According to allcountrylist, they also allowed the country to establish trade agreements with the United States and the European Union, thus opening the economy to foreign investment. Only the blockade of trade with Iraq, which occurred in 2003 in conjunction with the Iraqi conflict, caused a slight decline in economic growth. However, the presence in Jordan of foreign companies interested in the Iraqi market and of Iraqis themselves engaged in observing the evolution of reconstruction in Iraq has helped to restore the growth of the Jordanian economy, which in 2006 reached a GDP practically tripled compared to 1998. Agriculture, in practice of a subsistence character, can therefore count on a very small arable area and where irrigated areas are very small, created thanks to canalization works that exploit the waters of the Yarmuk and Yabbok and the use of underground springs. The arative is mainly occupied by cereals (wheat, barley, sorghum and maize), which are widespread above all in the western highlands; other widely used food crops, such as lentils, broad beans, tomatoes, onions, potatoes, as well as citrus fruits, are mainly present in the limited irrigated areas. Finally, the country can count on modest crops of vines, tobacco, olive trees and, in the Jordan Valley, bananas and date palms. Overall, food production is unable to meet the modest demands of the domestic market, so the country has to resort to imports. Breeding is widely practiced (sheep, goats and poultry), which on the one hand represents the main resource for nomadic shepherds, on the other it constitutes a precious complement to their poor economy for the peasants. However, the continuous search for spaces to devote to agriculture has greatly reduced the already small land intended for grazing. In practice there are no forests, reduced to stunted scrubs; equally almost non-existent is fishing. The cornerstone of the Jordanian economy is the extraction activity, in particular that of phosphates and potassium salts, which together constitute an important item of exports. Oil production is insufficient to meet energy needs and Jordan uses part of the crude which, from Saudi Arabia, is conveyed to the Mediterranean coast through an oil pipeline. The main supplier, however, was Iraq, whose oil was bought from Jordan at low cost, in consideration of the debts incurred during the war between Iran and Iraq of the years 1980-88. The Iraqi conflict caused a blockage of these supplies and Jordan had to turn to other Gulf countries; the improvement of the situation in Iraq made it possible, at the beginning of 2007, to restore the oil supply.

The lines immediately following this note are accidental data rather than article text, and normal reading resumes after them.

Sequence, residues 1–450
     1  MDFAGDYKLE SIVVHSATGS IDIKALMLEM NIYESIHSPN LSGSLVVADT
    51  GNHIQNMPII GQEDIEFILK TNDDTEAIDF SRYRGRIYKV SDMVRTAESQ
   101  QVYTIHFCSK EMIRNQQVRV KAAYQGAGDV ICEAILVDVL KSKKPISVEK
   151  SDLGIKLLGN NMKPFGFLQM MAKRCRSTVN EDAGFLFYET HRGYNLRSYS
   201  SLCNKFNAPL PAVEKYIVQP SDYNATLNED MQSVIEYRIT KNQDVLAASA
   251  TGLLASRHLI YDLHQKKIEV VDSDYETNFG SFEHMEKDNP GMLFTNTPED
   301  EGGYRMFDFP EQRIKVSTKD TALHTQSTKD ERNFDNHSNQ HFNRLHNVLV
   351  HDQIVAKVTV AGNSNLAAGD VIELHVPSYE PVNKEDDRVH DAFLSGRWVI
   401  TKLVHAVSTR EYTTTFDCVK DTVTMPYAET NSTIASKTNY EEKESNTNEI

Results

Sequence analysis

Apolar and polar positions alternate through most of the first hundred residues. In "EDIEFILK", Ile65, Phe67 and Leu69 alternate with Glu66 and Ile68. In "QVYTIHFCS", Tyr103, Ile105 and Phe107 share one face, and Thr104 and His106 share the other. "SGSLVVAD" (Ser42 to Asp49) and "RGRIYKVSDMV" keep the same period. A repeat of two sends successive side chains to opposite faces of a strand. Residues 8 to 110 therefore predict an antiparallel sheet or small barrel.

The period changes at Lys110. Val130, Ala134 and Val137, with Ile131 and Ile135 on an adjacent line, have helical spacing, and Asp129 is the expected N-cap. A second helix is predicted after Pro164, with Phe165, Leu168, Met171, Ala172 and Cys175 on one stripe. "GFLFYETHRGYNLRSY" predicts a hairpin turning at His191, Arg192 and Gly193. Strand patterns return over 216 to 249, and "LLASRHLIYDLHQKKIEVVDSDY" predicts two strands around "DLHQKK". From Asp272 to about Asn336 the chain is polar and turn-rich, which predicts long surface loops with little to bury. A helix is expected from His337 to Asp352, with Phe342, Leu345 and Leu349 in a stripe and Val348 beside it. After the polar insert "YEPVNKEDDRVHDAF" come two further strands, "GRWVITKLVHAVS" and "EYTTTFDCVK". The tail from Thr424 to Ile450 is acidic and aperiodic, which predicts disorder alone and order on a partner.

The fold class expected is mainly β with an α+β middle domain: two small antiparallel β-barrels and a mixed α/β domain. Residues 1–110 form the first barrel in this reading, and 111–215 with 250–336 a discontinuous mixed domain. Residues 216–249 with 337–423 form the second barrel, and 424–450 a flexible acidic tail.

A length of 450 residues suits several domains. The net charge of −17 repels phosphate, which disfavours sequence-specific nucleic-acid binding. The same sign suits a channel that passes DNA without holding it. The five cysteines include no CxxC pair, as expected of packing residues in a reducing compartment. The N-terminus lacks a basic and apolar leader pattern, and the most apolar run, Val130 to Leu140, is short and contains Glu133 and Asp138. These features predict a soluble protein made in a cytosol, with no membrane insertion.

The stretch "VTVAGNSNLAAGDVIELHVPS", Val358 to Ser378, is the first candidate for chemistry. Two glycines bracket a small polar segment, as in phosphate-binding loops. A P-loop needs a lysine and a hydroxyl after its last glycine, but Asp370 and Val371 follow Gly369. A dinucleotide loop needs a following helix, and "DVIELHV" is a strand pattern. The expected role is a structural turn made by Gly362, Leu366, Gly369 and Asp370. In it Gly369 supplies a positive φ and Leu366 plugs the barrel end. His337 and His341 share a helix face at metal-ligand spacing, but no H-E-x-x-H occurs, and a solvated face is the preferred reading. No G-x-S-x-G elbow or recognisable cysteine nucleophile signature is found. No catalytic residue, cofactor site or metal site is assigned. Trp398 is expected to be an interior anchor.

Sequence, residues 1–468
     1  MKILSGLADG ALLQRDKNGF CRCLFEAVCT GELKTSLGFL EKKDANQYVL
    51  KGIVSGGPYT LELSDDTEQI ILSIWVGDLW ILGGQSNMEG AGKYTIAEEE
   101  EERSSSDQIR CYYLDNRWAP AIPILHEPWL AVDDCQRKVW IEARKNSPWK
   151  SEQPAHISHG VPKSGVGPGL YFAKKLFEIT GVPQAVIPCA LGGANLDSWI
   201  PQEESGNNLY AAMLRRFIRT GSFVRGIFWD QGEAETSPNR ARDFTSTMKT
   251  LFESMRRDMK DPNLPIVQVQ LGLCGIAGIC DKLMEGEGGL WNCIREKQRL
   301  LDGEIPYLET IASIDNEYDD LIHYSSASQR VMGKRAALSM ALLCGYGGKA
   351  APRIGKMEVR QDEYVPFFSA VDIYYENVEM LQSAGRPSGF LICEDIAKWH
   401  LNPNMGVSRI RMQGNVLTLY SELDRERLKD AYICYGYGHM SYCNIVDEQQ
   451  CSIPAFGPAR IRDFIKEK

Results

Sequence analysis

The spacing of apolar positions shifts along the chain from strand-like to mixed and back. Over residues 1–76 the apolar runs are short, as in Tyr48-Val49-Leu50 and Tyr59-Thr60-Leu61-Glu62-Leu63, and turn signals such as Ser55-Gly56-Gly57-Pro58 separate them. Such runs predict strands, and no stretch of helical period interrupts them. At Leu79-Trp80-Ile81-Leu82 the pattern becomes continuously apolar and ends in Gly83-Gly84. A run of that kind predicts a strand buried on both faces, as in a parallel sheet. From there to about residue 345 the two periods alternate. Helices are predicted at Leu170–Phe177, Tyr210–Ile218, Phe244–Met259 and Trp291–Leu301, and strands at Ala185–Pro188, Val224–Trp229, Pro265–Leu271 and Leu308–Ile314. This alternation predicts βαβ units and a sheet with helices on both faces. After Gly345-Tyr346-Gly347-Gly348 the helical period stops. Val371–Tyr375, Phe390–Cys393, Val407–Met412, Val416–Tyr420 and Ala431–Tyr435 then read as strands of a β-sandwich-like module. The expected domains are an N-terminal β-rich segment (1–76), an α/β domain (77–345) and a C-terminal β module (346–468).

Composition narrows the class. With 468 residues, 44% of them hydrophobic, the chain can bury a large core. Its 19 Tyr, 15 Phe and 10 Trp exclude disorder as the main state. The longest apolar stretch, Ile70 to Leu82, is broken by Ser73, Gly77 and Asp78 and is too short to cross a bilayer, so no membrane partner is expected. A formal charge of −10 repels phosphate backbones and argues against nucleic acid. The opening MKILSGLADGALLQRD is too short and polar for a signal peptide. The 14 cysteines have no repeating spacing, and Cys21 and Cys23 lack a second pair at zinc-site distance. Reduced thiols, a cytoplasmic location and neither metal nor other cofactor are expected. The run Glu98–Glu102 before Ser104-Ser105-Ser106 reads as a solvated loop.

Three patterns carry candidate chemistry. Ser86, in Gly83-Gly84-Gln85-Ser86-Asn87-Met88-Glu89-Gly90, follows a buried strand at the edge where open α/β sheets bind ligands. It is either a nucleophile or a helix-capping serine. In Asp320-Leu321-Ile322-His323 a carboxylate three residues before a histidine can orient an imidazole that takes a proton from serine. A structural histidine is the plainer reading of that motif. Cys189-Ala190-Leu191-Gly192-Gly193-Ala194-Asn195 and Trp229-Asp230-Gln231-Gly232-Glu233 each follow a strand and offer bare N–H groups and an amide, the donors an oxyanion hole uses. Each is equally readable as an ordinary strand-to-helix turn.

A connection with Egypt has been active since 2003, which supplies the country with natural gas. L’ solar power it is used for domestic purposes. The manufacturing industry is based on small semi-artisan-run factories, engaged in the transformation of local agricultural products (oil mills, tobacco factories, breweries) and in the processing of imported wool and cotton; there are also some cement factories, an oil refinery in Az Zarqā ‘and chemical complexes for the production of fertilizers in Al’Aqabah and ʽAmmān. The industrial cooperation between Jordan and Israel started with the 1994 peace treaty has led to the creation, in Irbid, in the north of the country, of a “qualified” industrial zone, whose products can access the US market free of duties and taxes, provided that at least 35% of their value derives from activities carried out in the area itself, in Israel and in the Palestinian Territories. This area, inaugurated in March 1998, it has attracted investments of over $ 200 million and created several thousand jobs. Other “qualified” zones have been established to encourage private initiative and foreign investment and to liberalize trade. Four free zones have been established (in AlʽAqabah, Az Zarqā ‘, along the Syrian border and near the ʽAmmān airport). The country must import almost everything necessary (energy raw materials, machinery, vehicles, chemicals and textiles, etc., as well as large quantities of food), while exports are practically limited to clothing, fertilizers, pharmaceutical products and some fruit and vegetables; therefore the deficit of the trade balance is very heavy. L’ trade takes place above all with Saudi Arabia, China, the European Union (Germany and Italy), the United States and Egypt for imports while the main destinations are the United States, Iraq, India and Saudi Arabia for exports. Tourism, towards which the government’s efforts for a revival have been directed, has as its preferred destinations the ancient historic cities of Petra and Jarash and the seaside resorts of the coast on the Red Sea. However, it suffered the effects of the terrorist episodes that occurred in the years 2005-2006. Relatively numerous are the communication routes that largely follow the ancient caravans, using above all the central depression that leads to AlʽAqabah. The communications hub is ʽAmmān, connected by road with all the main centers of the country and by rail to the N with Syria, to the SE with Saudi Arabia, while to the SW the railway has reached the port of AlʽAqabah since 1975. The modern asphalted roads broadly follow the railway line; a new road artery leads to Iraq. The only port is that of AlʽAqabah, essential for trade with foreign countries; however, Jordan has three airports, two of which are international ʽAmmān and Az Zarqā ‘.